Difference between Port and Sherry

While many people think that sherry and port wine are the same drink consumed before and during dinner, specialists know some differences between these two products. Today we will discover the secrets of both alcoholic drinks and find out what their peculiarities are.


The word “Sherry” has its origins in the Spanish word Jerez, the town where the grapes for it are grown. Thus, sherry is a strong wine from southern Spain made of the white grapes that grow in the suburbs of Jerez. It is produced from these local grapes only, and is usually used as a dry white table wine served right after dinner.

port vs sherry
Sherry wine

As you might guess, port wine was initially made in Portugal. Port wine is a fortified type of wine produced only in the Douro Valley, in Portugal. But now wines of this style are also made in France, Australia, Argentina, Canada and some other corners of the world. In the USA, wine coming from any state can be labeled as “port”. As a rule, port wine is red and sweet.

Port wine
Glass of Port wine

Comparison chart

Sherry Port wine
Produced from white grapes grown in Spain (Andaluzia, Jerez). Made in the Douro Valley (Northern Portugal province).
Should be stored in a dry and cool (up to 18 C°) place, lying horizontally to keep the cork moist. The finest types such as Fino and Manzanilla need to be drunk right after opening. Should be stored on its side to keep the cork moist. Tawny ports or Colheitas do not lose their smell and taste for 6 months after opening, while Vintage port wines should be consumed in two days after a bottle is opened.
Being fortified only when fermentation process is completed, sherry has a light and dry taste. Port wine is rich, sweet and heavy, which distinguishes it from many other types of wine. This quality is provided by fortification done halfway through the process of fermentation.
Sherry is a light wine in comparison with many other kinds (containing only 11-12% alcohol). Port wine is regarded as one of the strongest types thanks to its high alcohol content (from 19.5% to 22%).
Can be served before a meal as an aperitif, between meals or after a meal with dessert. Serverd at the end of a meal, often with cheese.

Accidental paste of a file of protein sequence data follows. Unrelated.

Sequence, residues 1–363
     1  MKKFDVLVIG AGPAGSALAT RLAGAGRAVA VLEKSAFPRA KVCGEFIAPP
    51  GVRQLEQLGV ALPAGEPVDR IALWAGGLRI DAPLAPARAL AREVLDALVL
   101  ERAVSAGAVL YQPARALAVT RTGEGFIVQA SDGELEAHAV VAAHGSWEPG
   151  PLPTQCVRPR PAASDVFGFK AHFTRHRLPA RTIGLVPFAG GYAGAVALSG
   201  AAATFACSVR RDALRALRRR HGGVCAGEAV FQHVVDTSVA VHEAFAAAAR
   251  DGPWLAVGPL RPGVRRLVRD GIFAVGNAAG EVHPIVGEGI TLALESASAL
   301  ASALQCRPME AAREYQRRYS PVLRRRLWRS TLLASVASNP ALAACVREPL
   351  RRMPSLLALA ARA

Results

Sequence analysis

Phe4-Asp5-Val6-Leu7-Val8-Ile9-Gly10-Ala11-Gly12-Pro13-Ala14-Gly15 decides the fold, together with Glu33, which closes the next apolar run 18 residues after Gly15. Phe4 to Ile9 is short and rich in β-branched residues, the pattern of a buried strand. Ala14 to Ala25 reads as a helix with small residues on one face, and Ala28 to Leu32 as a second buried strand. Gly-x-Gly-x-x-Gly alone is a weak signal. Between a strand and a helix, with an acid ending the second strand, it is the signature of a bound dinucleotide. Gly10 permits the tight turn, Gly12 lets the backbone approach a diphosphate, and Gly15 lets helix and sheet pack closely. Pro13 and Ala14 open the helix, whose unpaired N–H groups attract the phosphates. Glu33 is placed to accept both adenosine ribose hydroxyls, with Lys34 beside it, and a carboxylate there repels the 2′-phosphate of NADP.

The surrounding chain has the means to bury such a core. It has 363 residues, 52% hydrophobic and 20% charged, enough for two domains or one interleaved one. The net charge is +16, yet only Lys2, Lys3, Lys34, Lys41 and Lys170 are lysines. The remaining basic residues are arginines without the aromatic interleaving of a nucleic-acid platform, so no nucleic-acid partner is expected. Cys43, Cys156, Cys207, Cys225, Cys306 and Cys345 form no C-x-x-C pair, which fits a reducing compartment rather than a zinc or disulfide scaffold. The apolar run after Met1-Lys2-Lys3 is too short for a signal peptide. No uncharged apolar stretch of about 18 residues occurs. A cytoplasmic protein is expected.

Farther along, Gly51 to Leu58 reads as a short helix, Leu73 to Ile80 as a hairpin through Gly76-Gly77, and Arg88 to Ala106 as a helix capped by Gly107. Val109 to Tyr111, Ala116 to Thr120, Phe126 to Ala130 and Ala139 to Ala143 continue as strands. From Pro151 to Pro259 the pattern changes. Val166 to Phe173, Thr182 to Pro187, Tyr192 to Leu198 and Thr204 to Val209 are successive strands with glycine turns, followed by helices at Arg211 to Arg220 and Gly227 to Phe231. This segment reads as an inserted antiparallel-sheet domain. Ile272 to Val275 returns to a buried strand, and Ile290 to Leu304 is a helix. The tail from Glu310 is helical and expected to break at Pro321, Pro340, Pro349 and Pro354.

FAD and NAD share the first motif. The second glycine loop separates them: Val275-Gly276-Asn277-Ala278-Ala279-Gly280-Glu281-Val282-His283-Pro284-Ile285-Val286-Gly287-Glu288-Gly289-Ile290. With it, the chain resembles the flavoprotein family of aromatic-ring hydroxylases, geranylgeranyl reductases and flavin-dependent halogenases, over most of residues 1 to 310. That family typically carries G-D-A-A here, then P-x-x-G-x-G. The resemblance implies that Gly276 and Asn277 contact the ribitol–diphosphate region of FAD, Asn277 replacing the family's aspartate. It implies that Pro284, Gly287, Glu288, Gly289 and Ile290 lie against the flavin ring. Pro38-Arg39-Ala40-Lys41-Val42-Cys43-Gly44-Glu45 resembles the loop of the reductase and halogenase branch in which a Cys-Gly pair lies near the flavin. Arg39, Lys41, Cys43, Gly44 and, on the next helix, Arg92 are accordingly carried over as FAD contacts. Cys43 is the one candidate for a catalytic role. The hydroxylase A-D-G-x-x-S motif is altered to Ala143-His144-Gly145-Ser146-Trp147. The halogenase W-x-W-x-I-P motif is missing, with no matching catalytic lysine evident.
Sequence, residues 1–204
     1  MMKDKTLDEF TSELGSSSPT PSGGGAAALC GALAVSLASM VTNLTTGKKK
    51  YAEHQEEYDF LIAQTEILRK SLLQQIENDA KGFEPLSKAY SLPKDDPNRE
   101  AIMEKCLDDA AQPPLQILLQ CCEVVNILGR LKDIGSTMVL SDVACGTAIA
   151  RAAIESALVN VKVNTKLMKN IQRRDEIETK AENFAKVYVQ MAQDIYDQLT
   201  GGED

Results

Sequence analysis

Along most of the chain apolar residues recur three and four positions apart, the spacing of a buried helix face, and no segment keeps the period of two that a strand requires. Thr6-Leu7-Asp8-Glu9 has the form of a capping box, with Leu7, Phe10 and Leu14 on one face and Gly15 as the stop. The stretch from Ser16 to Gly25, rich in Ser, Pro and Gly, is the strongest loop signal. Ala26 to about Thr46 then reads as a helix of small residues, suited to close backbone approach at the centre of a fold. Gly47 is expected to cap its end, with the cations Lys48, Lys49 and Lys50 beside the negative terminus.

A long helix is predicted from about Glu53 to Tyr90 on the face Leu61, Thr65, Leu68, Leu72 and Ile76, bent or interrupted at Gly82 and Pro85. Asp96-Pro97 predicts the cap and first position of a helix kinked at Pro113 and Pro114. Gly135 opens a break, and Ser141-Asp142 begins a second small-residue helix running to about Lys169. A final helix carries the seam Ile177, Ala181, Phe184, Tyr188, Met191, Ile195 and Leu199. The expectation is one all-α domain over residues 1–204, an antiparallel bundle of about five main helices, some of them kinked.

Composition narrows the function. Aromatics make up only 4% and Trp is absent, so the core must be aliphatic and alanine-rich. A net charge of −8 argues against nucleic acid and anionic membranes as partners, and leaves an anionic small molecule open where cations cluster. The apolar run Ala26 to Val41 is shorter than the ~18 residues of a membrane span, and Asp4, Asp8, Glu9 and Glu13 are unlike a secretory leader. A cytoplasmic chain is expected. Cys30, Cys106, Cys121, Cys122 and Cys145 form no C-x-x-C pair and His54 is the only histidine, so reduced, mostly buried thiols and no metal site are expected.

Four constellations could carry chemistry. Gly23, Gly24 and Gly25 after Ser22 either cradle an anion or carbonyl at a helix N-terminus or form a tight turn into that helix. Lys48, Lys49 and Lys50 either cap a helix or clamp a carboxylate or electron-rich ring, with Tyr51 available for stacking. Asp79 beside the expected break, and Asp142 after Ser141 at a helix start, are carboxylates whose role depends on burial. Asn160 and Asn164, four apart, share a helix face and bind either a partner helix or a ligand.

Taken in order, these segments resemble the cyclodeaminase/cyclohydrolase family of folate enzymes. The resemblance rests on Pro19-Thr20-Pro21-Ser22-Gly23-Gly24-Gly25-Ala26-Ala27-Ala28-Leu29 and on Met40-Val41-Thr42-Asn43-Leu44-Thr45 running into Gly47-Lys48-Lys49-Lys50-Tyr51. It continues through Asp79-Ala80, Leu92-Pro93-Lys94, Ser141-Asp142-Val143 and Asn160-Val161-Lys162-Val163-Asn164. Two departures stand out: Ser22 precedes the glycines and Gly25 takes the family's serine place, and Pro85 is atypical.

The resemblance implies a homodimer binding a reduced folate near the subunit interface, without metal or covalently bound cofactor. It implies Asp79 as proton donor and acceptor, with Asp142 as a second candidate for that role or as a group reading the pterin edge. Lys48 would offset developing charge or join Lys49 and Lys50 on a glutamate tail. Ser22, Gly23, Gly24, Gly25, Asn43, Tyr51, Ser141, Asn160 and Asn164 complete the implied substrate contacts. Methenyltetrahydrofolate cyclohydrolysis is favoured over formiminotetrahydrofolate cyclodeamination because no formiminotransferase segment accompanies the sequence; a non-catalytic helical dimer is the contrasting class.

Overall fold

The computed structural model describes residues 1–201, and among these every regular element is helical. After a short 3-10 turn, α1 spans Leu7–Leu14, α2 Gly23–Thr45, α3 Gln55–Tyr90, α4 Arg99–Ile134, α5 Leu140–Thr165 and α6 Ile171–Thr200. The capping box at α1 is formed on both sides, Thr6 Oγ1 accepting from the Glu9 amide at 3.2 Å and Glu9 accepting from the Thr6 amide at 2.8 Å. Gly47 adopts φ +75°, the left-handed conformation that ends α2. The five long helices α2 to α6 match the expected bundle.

The drink is produced in the following styles: Fino and Manzanilla are the best ones; Amontillado and Oloroso are middle quality.  Palo Cortado and Sweet sherries are considered to be less expensive and not as tasty. Produced in various styles, the most popular ones are Vintage, Crusted, Aged Tawny (should be stored about 10-40 years) and Aged White.
Produced exclusively from grapes in Jerez. Only Spanish wine can be called Sherry. Made either in Portugal, or in other countries. Manufacturer has a right to call his wine “port” if it is produced in one or the above mentioned styles and according to  certain technology.
Has been produced since 1100 BC, and officially was introduced by Christopher Columbus, becoming widespread in 1587. The Duoro region became the official manufacturer in 1756, although the drink has been popular in England since the beginning of 18th century.

Sherry vs Port wine

What is the difference between sherry and port wine? Sherry is the wine made only from Spanish Jerez white grapes. According to Spanish law, such wine can be produced solely in the Sherry Triangle (this includes three key places: province of Cádiz, Sanlúcar de Barrameda, and El Puerto de Santa María). In contrast, port wine may be officially produced outside Portugal.

The main difference lies in the process of aging. While port wine is produced by adding neutral grape spirit to stop the fermentation and leave some sugar to boost alcohol level, sherry goes through the entire fermentation process, and is then blended with distilled spirit. Port wine is stored in wooden barrels placed in caves (cellars), and sherry is poured into 500-litre casks made of North American oak and put into a Solera system (when barrels are put on each other in a form of pyramid). It is required to leave some space in a cask for the flor to develop – this is one of the basic conditions for sherry to acquire its special flavor. Flor is the veil or thin layer of indigenous yeast cells that forms on top of sherry wines.

The texture of port wine is rich, sweet and somewhat thicker than many other types of wine. It contains far more alcohol (from 19 to 23%) in comparison with other wine types. This can be explained by the fact that distilled grape spirits are added before fermentation ends and all the sugar transfers to alcohol. Sherry, on the other hand, is dry and light. As a rule, it contains 11-12% of alcohol, although Fino or Amontillado has about 15%, and Oloroso up to 17.5%.

In comparison with sherry, port wine may go through reductive or oxidative aging. In the first case, it is stored in bottles and never exposed to air. In the second case, wine is placed in wooden barrels and accumulates some amount of oxygen.

Port wine is poured into classic wineglasses and usually served at the end of a meal with various types of dishes, especially, with cheese. Sherry needs to be poured in a special tulip-shaped glass called a copita. It is better to serve it before a meal, or after a meal with dessert. It can also be offered between meals. Moreover, sherry is perfect to be mixed with lemonade and is used to prepare Rebujito, a long drink.


Eric Taylor can explain the basic differences between port, sherry and other types of dessert wines.